RADIN, MAX (1880–1950), U.S. jurist, teacher, and legal historian. Son of Adolph *Radin, he was born in Kempen, Russian Poland. He taught in public schools and then at Columbia University (1918–19). He was professor of law at the University of California at Berkeley from 1919 to 1948. Among his many offices and positions, he was Commissioner on Uniform State Laws for California 1941–48. Upon his death his library went to the Hebrew University of Jerusalem. Radin's work as a scholar and teacher ranged through law, philosophy, history, linguistics, anthropology, and literature. He was known as one of the chief proponents of "legal realism."
The principal works in which he propagated his views are The Law and You (1947); Stability in Law (1944); Law as Logic and Experience (1940); and The Law and Mr. Smith (1938). His first interest was in the relationship of morals and ethics to commercial occupations. One of his first publications was The Legislation of the Greeks and Romans on Corporations (1909). Related works are Lawful Pursuit of Gain (1931) and Manners and Morals of Business (1939). Radin was deeply concerned with the political events of his time. In The Day of Reckoning (1943), he expounded his thoughts on the war crimes trials, then in the planning stage, and he also wrote on the treatment of the Nisei (American-born citizens of Japanese descent) of California during World War ii. His pervasive interest in legal history found expression in his Handbook of Anglo-American Legal History (1936) and Handbook of Roman Law (1927), and numerous works on Jewish law and history, including: The Life of the People in Biblical Times (1929), The Trial of Jesus of Nazareth (1931), and his unpublished Bibliography of Jewish Law.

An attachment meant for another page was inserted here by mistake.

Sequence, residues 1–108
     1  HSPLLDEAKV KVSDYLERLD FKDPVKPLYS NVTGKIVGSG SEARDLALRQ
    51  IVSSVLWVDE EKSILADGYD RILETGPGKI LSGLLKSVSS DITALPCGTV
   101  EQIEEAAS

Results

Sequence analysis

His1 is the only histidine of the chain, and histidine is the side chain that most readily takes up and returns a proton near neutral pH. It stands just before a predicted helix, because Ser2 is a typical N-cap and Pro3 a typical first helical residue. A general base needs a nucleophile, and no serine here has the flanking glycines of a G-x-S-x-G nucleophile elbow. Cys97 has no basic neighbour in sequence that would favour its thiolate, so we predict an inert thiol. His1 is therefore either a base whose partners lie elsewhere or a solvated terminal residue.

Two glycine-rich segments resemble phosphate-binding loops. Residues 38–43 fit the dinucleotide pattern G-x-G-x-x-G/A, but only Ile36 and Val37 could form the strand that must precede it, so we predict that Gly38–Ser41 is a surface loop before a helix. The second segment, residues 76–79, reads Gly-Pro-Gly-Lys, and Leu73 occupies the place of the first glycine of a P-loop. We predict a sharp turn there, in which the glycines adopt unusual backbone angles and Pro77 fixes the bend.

American Historical Review, 56 (1950), 58.
[Albert A. Ehrenzweig]